Social Influence on Behavior Paper
Human behavior changes with social situations and biological factors. In addition, to studying one’s behavior against social influence provides key elements to coordinate these actions to explore basic concepts of human interactions from a social perspective.
Therefore, upon examination of the entities of an individual’s social status can lead to the study of behavioral occurrences, like aggression and violence among children. Social influence can change an individual over time. “Psychology is the science of human and animal behavior; behavior is sometimes advert, or public” (Kowalski & Westen, 2009). There are many types of behavior; some patterns in lower forms described as instincts, such as a child playing with a toy. Behavior can range from simple, involuntary reflexes, and too complicated. (Bornstein et al., 2010). Like science, finding a cause for behavior was achieved by the use of research and theories. However, research initiates with a problem that requires special attention to resolve. Aggression and Violent Behaviors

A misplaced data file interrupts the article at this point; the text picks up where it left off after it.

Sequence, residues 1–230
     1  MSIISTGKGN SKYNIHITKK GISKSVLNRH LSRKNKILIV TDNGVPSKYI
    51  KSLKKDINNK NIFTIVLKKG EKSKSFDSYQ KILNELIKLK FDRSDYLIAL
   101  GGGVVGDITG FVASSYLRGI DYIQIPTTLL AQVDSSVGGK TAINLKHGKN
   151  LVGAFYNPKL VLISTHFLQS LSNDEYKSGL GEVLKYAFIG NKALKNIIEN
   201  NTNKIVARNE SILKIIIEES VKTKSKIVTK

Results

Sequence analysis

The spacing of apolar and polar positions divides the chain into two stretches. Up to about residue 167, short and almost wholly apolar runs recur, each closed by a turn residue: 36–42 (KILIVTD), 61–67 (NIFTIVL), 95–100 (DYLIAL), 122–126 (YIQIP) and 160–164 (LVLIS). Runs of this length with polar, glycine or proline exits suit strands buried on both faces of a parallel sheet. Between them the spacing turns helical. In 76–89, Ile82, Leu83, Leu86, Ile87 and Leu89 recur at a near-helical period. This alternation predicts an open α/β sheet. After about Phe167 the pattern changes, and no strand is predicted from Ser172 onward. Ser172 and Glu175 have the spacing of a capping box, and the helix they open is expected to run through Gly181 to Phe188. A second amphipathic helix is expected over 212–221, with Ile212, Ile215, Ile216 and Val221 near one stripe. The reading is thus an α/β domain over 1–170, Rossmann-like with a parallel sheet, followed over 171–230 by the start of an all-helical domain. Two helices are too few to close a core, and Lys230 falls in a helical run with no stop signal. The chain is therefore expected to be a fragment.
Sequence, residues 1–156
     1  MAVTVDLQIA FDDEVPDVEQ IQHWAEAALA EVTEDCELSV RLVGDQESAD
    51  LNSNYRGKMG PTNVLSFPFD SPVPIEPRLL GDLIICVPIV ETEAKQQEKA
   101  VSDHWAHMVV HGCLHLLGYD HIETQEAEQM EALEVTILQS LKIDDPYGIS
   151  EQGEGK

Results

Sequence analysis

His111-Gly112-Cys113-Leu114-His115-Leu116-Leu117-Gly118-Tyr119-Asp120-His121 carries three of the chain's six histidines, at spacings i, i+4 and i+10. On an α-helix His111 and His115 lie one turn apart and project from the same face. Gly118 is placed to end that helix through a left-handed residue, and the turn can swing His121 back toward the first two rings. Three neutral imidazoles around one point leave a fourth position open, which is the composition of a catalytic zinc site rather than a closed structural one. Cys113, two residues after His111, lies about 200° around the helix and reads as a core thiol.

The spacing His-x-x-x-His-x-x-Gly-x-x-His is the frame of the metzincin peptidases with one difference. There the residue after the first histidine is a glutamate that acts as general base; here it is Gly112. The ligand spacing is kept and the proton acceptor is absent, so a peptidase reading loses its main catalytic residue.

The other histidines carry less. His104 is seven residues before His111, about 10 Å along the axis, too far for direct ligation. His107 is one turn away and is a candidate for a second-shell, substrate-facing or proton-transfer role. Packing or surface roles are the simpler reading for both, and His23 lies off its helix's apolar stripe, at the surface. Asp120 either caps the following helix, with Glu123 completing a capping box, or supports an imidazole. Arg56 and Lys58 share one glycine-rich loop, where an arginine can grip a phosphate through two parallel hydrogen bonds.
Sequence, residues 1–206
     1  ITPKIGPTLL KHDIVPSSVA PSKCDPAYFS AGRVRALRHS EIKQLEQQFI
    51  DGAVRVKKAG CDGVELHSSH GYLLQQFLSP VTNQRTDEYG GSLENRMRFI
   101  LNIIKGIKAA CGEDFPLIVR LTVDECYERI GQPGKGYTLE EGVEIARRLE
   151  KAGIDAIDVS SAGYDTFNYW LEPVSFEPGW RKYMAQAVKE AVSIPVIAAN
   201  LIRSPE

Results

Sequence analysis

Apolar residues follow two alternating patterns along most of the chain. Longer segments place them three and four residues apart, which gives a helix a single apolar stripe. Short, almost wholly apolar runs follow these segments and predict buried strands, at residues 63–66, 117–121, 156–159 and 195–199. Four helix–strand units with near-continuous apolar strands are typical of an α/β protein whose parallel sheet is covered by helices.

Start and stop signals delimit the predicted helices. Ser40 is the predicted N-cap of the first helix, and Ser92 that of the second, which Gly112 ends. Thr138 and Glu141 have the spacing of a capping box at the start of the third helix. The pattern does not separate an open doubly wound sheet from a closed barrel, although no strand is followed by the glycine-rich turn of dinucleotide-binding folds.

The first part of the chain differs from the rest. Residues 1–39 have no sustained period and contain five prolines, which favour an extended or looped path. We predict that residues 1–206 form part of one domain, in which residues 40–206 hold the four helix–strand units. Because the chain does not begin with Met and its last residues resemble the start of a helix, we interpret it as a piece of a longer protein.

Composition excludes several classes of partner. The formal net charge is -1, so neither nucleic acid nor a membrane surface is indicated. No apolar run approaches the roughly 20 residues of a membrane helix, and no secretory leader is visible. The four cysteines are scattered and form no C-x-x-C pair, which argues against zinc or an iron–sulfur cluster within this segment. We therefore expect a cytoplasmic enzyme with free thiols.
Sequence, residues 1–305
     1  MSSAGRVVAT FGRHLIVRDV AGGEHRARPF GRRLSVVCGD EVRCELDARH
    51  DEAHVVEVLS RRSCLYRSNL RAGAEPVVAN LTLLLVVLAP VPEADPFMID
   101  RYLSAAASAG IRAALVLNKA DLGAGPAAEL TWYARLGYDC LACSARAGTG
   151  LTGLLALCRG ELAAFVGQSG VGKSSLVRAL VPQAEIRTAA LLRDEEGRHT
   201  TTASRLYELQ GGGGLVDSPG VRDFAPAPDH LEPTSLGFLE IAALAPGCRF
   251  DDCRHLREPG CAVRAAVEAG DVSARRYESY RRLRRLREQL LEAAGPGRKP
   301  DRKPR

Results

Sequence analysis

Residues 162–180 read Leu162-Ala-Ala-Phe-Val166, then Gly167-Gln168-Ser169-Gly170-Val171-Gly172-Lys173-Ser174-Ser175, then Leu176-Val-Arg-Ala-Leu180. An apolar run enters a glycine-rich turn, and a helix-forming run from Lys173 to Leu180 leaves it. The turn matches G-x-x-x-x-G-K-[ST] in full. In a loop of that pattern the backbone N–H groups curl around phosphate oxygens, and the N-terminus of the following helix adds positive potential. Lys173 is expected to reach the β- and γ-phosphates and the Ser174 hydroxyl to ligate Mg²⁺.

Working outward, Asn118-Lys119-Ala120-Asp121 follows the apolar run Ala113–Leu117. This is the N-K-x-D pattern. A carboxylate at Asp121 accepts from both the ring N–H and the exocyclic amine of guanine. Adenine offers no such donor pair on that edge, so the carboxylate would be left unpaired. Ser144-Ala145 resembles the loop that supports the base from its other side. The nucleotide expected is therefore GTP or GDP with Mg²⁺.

Aggression is “an attack or hostile action directed towards another person or thing. Aggression and violence are two forms of behavior, which are associated with one another, but do not necessarily happen at the same time. When an individual lashes out, this physical aggression is “hostile aggression” (Kowalski & Westen, 2009, p. 643). Children react from violent acts or aggressive behavior, within society we live in aggression and violence play an important role in culture differences. To describe the content in which behavior is measured is variables. The second type of aggressive behavior that occurs within children is “instrumental aggression,” meaning where the persons behavior is pragmatic or calm” (Kowalski & Westen, 2009, p. 643). Influences on Behavior
First, the association between violence and aggression at school among children shows awareness that exposed to violence within...
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Bornstein, M. H., Kagan, J., & Lerner, R. M. (2010). Human Behavior. In Encyclopedia Britannica. Retrieved November 9, 2012, from http://www.britannica.com/EBchecked/topic/275332/humanbehaviour.
Kowalski, R., & Westen, D. (2009). Psychology (5th Ed.). Retrieved November 9, 2012, from EBook Collection, University of Phoenix, Hoboken, NJ; Wiley
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